Birmingham family knows the bond of home -- Habitat for Humanity Int'l 1

Birmingham family knows the bond of home


Joy Kendall sits on the porch of her home, which is being renovated through Habitat for Humanity’s A Brush With Kindness program. Kendall and her sister, Gwen Williams, both immigrated to the United States from Guyana.
© Habitat for Humanity International/Ezra Millstein


AmeriCorps members Madiha Ahmad (left) and Erin Ellis are helping the Freeman family build their new Habitat house in Birmingham, Alabama’s Wylam Oaks neighborhood. © Habitat for Humanity International/Ezra Millstein


Wells Fargo employee Dawn Helms repairs the roof of the Norris family's house in Fairfield, Alabama, as part of Habitat’s A Brush with Kindness. Helms said she doesn’t like heights, but she took on the task anyway. © Habitat for Humanity International/Ezra Millstein


By Phillip Jordan

Visit Joy Kendall’s Fairfield home as volunteers work to repair it, and it won’t take long to observe the sisterly bond between Kendall and Gwen Williams. Born and raised in Guyana—a country in northern South America—the sisters lived together until Kendall left for the United States at age 35.

After five years in New York, Kendall and her parents, who also immigrated, settled in Fairfield, Alabama. They loved the elbow room, and their yard; it felt a lot more like Guyana than New York City did.

But the family was still missing youngest sister Gwen. Around 2000, Williams and her son, Alex, finally immigrated to the United States as well. “My mom was still alive, and I hadn’t seen any of them for about 17 years, so I decided to live with them in Alabama,” Williams said.

Kendall is thankful for her younger sister’s presence, particularly since their mother died several years ago. On Wednesday morning, the two sisters sat together on their renovated front porch. “Like every other family, you have your ups and downs, but we have always been together, and we have that love,” Kendall said.

“This reminds me of when we were small, back home living together: She always tries to be the mom, and we [other siblings] always try to be rebellious,” Williams said with a laugh.

The two work together at a local Krispy Kreme doughnut shop—a fact well known and much appreciated by volunteers who gobble up the treats that the sisters bring during work breaks. Kendall is more than happy to offer whatever thanks she can to the volunteers helping her.

“I think our house was one of the worst around here,” she said, then spread her arms behind her. “Now look at it. Habitat has helped transform it!”

The renovated home comes as Williams and her 27-year-old son work toward another goal: transitioning from legal residents to American citizens. On Tuesday, Williams and Alex completed their final round of paperwork and interviews. They will soon receive a date for their citizenship test. To Williams, citizenship means two things. First, she will be able to live here the rest of her life. Second, “I will have a chance to vote for the first time!”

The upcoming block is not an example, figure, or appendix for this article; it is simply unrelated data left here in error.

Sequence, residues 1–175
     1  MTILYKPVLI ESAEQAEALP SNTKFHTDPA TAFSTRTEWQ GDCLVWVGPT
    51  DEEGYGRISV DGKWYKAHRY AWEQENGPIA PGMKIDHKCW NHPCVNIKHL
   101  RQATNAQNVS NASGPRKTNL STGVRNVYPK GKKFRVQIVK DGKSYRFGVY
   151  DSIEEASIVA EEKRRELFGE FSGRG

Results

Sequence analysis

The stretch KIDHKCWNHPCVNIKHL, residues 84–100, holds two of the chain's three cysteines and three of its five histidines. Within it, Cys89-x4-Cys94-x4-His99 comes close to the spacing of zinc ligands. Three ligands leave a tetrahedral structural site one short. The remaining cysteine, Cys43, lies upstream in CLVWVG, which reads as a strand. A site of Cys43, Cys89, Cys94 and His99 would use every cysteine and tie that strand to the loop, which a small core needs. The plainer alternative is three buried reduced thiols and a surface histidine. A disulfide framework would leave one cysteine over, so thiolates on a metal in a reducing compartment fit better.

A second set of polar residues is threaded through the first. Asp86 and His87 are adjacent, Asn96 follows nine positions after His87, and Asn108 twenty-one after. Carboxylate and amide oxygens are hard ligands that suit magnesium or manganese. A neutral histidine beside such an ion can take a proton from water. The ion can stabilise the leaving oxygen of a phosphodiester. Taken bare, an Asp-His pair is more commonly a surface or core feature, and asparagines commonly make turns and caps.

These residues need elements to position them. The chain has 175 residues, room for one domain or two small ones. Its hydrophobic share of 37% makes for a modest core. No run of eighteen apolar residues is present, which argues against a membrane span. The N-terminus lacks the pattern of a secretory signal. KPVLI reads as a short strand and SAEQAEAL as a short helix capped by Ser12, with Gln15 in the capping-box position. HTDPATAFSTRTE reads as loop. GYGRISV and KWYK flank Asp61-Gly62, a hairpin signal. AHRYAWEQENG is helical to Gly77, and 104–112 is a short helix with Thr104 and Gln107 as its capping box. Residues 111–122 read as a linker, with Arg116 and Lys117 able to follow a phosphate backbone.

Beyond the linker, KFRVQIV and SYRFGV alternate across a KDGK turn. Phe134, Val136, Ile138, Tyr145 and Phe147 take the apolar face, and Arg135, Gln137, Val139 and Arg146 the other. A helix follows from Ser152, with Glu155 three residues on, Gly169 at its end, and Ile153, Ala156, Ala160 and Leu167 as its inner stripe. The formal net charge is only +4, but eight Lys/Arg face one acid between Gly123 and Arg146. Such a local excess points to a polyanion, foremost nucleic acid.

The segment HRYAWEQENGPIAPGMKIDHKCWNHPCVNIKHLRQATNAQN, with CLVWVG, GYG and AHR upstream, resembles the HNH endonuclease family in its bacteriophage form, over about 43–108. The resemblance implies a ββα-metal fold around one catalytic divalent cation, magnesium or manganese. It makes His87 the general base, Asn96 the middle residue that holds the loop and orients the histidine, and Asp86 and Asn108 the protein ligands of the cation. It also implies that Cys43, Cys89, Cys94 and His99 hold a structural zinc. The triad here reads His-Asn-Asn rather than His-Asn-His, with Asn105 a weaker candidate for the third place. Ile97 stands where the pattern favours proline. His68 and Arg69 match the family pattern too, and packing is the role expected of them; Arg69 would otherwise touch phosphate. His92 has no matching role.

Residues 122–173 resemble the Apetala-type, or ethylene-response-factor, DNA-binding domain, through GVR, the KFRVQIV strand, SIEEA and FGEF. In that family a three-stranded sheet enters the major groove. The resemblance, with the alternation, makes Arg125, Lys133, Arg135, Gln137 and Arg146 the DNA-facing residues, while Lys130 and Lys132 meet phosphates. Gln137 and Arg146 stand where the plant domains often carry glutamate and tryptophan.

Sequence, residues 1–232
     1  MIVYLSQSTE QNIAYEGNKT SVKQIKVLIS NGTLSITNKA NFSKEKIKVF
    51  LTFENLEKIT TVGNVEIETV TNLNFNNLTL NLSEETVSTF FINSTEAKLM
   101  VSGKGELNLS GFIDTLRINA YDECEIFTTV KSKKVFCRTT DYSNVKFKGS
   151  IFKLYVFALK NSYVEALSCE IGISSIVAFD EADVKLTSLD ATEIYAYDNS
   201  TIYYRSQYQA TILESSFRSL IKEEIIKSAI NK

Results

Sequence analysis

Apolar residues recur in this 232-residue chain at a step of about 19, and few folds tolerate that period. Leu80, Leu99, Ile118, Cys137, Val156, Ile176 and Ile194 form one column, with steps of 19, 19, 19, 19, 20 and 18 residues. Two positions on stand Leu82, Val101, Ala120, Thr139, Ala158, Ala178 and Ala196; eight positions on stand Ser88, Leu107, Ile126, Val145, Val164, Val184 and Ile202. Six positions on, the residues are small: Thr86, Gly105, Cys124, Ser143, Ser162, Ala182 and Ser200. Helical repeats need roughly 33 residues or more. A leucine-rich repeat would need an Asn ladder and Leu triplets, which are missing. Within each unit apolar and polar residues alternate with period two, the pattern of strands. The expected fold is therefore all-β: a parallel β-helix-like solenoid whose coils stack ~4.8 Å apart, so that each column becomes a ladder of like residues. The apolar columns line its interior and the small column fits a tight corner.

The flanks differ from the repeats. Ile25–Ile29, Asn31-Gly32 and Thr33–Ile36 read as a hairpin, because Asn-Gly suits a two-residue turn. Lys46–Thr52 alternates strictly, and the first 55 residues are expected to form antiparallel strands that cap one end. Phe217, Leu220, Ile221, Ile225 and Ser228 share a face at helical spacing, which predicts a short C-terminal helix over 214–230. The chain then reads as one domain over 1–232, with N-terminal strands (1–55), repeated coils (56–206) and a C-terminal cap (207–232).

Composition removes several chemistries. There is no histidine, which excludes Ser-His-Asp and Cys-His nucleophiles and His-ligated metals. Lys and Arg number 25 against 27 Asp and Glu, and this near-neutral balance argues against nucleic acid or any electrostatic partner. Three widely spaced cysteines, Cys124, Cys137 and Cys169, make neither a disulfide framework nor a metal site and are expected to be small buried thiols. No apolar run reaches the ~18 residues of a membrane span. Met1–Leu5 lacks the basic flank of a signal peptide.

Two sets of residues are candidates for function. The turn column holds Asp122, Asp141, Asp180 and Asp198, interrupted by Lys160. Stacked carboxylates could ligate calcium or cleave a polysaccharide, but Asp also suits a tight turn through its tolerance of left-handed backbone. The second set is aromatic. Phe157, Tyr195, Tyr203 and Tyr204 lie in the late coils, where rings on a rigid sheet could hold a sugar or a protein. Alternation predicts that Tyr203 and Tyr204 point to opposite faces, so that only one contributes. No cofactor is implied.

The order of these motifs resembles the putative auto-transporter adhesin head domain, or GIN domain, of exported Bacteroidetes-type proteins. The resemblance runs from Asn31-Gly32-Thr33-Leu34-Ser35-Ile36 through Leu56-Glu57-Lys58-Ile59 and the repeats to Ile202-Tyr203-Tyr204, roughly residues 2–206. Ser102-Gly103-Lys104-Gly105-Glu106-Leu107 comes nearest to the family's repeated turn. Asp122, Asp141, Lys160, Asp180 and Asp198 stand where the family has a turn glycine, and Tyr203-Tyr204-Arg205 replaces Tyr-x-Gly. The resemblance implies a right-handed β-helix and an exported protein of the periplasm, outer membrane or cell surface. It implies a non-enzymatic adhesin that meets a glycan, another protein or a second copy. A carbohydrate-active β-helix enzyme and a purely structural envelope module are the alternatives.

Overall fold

Kendall and Williams have enjoyed learning about the humanitarian efforts of Jimmy and Rosalynn Carter, and they both love the Carters’ hands-on example of assisting those in need.

“Helping people is always good,” Williams said. “At this time, we are the ones that need help. But when we get up there”—at this point she pauses and raises her hand high above her head—“because we know we will, we’ll try to do the same for others.”

The educational perspective

Erin Ellis and Madiha Ahmad are among dozens of AmeriCorps members working on 28 houses in Birmingham this week. On Wednesday, they focused on the Freeman family’s new home in Wylam Oaks.

“Doing this helps us learn a lot about ourselves,” Ellis said. “Because I’m going to be honest: We’re not exactly the handy kind of girls!”

After their first Habitat build day, however, the friends knew how to attach siding. On Wednesday, they learned how to put down sod and how to finish several interior projects.

As AmeriCorps members working this year with a children’s literacy program in Birmingham, Ellis and Ahmad can also fully appreciate how much a stable home means to kids.

“Just having a home, somewhere you can come home every night, it’s something you can be proud of,” Ahmad said. “Especially children thrive when they have their own place to grow and play in. Habitat makes a big difference, so I’m happy to help out.”

The perspective from on high

“I’m not that comfortable with heights,” Dawn Helms said Wednesday morning from her perch atop Sandra Norris’ roof. The statement might have surprised some observers who watched Helms quickly move up and down the slanted roof, removing old nails before new shingles could be put in place.

“Well, they needed volunteers, and I thought, ‘This isn’t what I expected to do, but if there’s ever a day to overcome my fear, this is the day,’” she said.

Helms, a phone bank manager with Wells Fargo, joked that she only had herself to blame for the new experience: “Roof work! I should have read the fine print.”

What’s on tap

Thursday in Birmingham will bring more houses closer to completion. It will also bring more star power to the build sites. Country music star Garth Brooks is expected to work on Thursday, and the Carters arrive in the evening, ready to wrap up the week with building and final ceremonies Friday.

Phillip Jordan is a writer/editor for Habitat for Humanity International.